Processing Unidirectional E-Mail Memos for Preservation and Access

As with most institutions, Michigan State University now communicates official university business through e-mail messages rather than traditional paper memos. The university’s IT Services department periodically sends out aggregations of these Deans, Directors, and Chairs (DDC) messages that originate in various offices and departments. Many of the messages include supplementary information as attachments, typically in PDF, DOC, XSL, and/or PPT file formats.

Per MSU’s retention schedules, DDC messages have historical value and must be preserved and made accessible. The original file formats—MSG (Windows PC) or EML (Apple Macintosh)—could be converted to MBOX or EML (if necessary), de facto preservation format standards for e-mail, and accessed in nearly any e-mail program. With the DDC messages functioning as unidirectional memos, however, the University Archives & Historical Collections (UAHC) decided to take a simpler approach and convert them to PDF format. The original appearance of the message would be retained, including the header.

UAHC chose the PST Viewer software to normalize the messages to PDF format. PST Viewer provides PDF export functionality, detaching and making available any attachments. Because UAHC uses Archivematica processing software to ingest digital files into its repository system, the PDFs would be normalized to PDF/A format for preservation and the original PDF retained as the access copy. Attachments would be ingested and normalized for preservation and access following their respective format rules.

Every few weeks, the latest DDC messages are deposited in a specially designated e-mailbox. An archivist moves them to a staging area and uses PST Viewer to normalize them to PDF format. For easier arrangement of the resulting files, the PST Viewer profile is set as shown in Figure 1.

Preferred profile setting in PST Viewer

Figure 1. Preferred profile setting in PST Viewer

Within PST Viewer, the archivist navigates to the directory containing messages of interest and exports them to a designated directory. In that directory, messages and attachments are arranged into folders. Names of folders, as well as PDF files of messages without attachments, are appended with the date of the original message in the yyyy-mm-dd format. Spaces in names are replaced with underscores using the Renamer tool.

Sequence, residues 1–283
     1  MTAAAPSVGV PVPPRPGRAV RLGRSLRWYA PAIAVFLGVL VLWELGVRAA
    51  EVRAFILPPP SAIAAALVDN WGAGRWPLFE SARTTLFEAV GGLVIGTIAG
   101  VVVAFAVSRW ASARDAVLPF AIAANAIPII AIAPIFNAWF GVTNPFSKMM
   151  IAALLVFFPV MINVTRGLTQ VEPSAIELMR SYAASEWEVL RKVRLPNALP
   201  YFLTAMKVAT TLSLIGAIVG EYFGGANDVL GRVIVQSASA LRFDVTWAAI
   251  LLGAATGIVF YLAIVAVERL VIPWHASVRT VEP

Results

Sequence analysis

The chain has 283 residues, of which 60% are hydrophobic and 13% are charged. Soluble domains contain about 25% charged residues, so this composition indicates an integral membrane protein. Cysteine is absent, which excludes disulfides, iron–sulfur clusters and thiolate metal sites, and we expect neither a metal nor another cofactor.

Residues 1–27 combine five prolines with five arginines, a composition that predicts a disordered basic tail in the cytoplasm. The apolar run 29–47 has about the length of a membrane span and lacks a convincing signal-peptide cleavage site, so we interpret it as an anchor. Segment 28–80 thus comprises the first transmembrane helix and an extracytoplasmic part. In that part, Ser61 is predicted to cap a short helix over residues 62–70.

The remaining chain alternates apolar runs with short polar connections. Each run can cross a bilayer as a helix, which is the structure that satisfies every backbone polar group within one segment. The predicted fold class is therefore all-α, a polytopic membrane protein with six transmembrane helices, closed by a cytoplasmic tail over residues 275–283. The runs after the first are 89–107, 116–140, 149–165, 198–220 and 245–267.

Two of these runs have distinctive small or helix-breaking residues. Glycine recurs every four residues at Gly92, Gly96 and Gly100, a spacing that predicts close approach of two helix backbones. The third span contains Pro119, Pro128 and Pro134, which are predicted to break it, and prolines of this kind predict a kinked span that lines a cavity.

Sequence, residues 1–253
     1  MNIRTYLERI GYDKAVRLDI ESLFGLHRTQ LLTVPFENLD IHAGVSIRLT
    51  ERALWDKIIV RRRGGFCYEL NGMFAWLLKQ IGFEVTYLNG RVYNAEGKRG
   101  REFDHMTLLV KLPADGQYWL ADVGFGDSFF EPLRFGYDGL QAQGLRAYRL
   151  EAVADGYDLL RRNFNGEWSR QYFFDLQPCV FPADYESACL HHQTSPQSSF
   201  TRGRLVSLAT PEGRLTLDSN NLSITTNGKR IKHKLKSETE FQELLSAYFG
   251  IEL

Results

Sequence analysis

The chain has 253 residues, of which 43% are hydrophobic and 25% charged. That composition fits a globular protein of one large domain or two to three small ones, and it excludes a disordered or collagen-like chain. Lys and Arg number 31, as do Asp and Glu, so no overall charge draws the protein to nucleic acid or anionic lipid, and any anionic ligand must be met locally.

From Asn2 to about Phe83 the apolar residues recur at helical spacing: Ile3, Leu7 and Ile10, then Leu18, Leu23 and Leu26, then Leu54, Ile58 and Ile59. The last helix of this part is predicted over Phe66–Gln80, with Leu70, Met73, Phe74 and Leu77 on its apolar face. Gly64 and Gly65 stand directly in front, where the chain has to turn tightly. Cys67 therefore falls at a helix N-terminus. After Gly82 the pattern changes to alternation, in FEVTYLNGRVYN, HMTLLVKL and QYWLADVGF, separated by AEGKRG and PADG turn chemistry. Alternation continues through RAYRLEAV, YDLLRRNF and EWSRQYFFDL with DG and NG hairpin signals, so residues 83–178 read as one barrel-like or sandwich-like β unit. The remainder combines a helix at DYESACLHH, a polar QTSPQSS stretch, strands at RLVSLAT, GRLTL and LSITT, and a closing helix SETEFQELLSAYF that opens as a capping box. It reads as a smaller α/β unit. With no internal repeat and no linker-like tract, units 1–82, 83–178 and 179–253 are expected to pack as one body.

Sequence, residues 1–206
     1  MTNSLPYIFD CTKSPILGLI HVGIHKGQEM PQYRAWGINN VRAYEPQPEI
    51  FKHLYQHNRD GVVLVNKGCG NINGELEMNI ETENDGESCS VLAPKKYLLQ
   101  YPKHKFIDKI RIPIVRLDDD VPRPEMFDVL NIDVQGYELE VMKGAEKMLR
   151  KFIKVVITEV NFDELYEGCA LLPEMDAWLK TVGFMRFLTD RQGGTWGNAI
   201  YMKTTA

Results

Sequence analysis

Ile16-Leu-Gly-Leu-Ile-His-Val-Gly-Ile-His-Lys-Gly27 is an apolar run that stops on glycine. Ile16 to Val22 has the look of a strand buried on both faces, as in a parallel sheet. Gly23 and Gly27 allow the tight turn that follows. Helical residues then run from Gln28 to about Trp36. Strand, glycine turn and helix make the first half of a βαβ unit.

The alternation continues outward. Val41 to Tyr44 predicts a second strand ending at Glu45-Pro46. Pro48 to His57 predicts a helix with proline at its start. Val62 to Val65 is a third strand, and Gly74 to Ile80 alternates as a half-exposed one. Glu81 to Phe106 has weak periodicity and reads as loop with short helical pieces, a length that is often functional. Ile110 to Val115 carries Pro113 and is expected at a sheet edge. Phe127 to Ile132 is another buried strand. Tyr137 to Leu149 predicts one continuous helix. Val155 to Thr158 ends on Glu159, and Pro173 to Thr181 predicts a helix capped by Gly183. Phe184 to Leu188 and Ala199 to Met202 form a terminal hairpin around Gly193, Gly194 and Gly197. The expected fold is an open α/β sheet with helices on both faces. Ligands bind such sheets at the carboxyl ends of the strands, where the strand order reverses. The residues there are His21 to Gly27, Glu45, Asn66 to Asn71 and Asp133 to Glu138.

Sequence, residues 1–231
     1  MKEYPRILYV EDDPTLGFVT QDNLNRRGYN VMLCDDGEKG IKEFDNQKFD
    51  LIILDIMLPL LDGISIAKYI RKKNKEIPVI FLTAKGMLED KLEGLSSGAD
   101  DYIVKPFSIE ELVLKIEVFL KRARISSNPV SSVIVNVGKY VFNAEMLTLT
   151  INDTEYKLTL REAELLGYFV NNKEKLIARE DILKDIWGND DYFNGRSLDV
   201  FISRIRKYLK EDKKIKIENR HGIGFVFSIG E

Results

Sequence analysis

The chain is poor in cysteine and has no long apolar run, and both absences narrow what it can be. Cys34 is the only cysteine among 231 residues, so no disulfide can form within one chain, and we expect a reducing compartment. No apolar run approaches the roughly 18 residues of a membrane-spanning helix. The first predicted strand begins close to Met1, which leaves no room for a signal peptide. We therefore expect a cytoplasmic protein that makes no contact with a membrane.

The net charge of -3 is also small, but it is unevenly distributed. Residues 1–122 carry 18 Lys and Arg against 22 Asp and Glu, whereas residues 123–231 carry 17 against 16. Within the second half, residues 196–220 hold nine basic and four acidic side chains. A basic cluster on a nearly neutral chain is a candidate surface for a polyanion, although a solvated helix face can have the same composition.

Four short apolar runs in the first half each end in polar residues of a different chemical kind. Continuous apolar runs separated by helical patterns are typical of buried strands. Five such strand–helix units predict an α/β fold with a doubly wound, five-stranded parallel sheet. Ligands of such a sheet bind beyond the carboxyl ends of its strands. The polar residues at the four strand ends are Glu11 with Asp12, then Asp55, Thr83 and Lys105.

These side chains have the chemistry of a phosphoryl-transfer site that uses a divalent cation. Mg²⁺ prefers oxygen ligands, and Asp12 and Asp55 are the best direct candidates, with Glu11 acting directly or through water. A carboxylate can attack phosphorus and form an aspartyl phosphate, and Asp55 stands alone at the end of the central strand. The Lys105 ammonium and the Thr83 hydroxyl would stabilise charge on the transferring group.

Messages are then examined to identify office of origin and moved to folders labeled with that office’s record group number, following UAHC’s classification system. For example, the record group number for the Office of the President is UA 2.1. Each record group folder is assigned an accession number and ingested into the archival repository as a Submission Information Package (SIP), generating Metadata Encoding and Transmission Standard (METS) files containing metadata; Archival Information Packages (AIPs) containing PDF/As and preservation copies of attachments; and Dissemination Information Packages (DIPs) containing the PDFs and access copies of attachments. Finally, the Archivists’ Toolkit collection management system is updated to include the e-mail memos in finding aids.

Preferred profile setting in PST Viewer

Figure 2. E-Mail Memo Processing Workflow

About the Author

Lisa M. Schmidt is an Electronic Records Archivist at the Michigan State University Archives & Historical Collections. In 2007, she began working for MATRIX, the digital humanities research center at Michigan State, where her work included an NHPRC-funded project to assess and improve the preservation practices for the H-Net academic e-mail lists. She’s been at the University Archives since 2010, and her work there includes contributing to the development of a trusted digital repository for electronic institutional records and creating transfer, appraisal, ingest, storage, and access workflows for the university’s digital content of enduring value. With MSU librarians, she also provides research data management services to the MSU research community. Lisa holds an MS in Information Studies from the University of Texas at Austin. Prior to joining the information studies field, she enjoyed a successful career as a high technology marketing communications professional in the San Francisco Bay Area and Austin.

Creative Commons License
This work is licensed under a Creative Commons Attribution 3.0 Unported License.
In Archive